> would be cool.

Finally jumping into this thread. Honestly, I'm not sure I agree with
where this is going at a high level.

(from above, emphasis added)
> Publishing signatures will help with that and
> should be encouraged for *those who aren't at risk by having published
> signatures.*

Threats change with time and circumstance and risk changes, but a public
WOT is permanently public.

IMO, everyone is at risk when their social networks is publicly available.

Welcome to Hotel WOT. You can checkin, but you can't checkout.

William Binney has shown us that metadata analysis is just as good at
providing intelligence as cleartext. By mapping associations over time
with other available data, statistically significant conclusions can be

Traffic and metadata analysis research is lightyears ahead of the
corresponding anonymity research. We're still fumbling with encrypted
email, failing to explain asymmetric crypto to users, while massive
appliances and datacenters have been built to suck up and analyze three
simple fields: To, From, Date.

On the less paranoid side, look at privacy behavior on Facebook. While,
yes there are those with public profiles, or publicly searchable
profiles, there are many that value the setting "Friends only" or
"Friends of friends only". Remember the uproar when Facebook defaulted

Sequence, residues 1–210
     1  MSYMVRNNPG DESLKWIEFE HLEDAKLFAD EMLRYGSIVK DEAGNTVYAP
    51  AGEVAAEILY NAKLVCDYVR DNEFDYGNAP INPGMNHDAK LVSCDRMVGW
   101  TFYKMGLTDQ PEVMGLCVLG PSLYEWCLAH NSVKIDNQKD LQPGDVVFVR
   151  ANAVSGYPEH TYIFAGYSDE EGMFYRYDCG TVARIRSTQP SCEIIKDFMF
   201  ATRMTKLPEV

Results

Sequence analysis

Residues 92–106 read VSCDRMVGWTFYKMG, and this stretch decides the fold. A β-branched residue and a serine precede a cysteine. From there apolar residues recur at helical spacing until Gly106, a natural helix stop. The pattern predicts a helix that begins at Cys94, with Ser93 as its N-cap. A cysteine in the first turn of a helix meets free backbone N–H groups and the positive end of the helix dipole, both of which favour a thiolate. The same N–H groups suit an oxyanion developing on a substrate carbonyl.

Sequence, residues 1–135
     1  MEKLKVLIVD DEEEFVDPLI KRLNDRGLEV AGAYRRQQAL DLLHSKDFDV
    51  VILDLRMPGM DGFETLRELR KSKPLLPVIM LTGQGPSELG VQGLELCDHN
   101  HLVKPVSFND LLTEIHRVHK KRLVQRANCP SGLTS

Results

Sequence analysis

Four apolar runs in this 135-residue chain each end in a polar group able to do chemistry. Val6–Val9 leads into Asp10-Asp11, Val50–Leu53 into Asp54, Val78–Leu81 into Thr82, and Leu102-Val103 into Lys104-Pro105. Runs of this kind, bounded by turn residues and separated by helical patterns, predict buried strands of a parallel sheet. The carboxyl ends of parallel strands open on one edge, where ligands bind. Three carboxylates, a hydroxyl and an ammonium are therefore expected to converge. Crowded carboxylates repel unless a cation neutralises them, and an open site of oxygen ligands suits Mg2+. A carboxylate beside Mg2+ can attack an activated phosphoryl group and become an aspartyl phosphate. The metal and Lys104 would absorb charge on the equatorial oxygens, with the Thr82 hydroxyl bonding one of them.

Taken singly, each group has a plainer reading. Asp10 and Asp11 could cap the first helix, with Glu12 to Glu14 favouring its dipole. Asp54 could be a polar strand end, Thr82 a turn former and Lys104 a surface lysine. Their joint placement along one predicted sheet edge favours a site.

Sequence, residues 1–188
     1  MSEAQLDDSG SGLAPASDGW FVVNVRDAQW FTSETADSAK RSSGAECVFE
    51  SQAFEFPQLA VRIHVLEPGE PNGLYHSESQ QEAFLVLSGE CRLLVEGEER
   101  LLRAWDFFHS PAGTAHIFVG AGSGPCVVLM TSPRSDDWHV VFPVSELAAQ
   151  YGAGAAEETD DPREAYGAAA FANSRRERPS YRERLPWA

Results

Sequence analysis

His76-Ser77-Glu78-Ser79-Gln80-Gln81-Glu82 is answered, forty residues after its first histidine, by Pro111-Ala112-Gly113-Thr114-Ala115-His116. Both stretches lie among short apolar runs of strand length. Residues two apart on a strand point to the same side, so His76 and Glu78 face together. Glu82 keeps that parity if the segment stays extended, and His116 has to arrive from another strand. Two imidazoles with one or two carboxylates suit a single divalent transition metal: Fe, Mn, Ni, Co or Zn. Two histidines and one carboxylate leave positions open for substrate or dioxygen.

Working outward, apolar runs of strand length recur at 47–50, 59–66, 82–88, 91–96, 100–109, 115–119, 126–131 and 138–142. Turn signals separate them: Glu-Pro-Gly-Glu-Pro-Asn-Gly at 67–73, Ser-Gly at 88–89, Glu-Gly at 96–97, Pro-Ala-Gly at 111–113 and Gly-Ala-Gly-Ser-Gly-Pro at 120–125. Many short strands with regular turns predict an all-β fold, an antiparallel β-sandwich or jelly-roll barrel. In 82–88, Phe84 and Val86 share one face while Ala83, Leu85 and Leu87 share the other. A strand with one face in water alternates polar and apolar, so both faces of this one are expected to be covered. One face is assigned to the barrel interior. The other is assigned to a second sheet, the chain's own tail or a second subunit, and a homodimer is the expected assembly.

to making your Friends list public?

Future authentication systems should start with the premise that the
social graph is AT LEAST as vital to protect as the social interaction
itself, rather than taking it as an edge case.

> Also, a separate idea, but as part of PSST has anyone heard of or
> looked into possibly storing keys on a server through some type of
> open-source and zero-knowledge client? That way you get to your keys
> with something like google's two-factor auth. You could dump your keys
> on dropbox, a personal server, or a VPS without relieing on those
> places being secure. Maybe a bad idea, but just a thought

This is definitely possible. Look at Spider Oak, Tarsnap, and TahoLAFS
(don't look at Mega).

Key backup is definitely important, something not specifically addressed
in PSST, but something we should look at.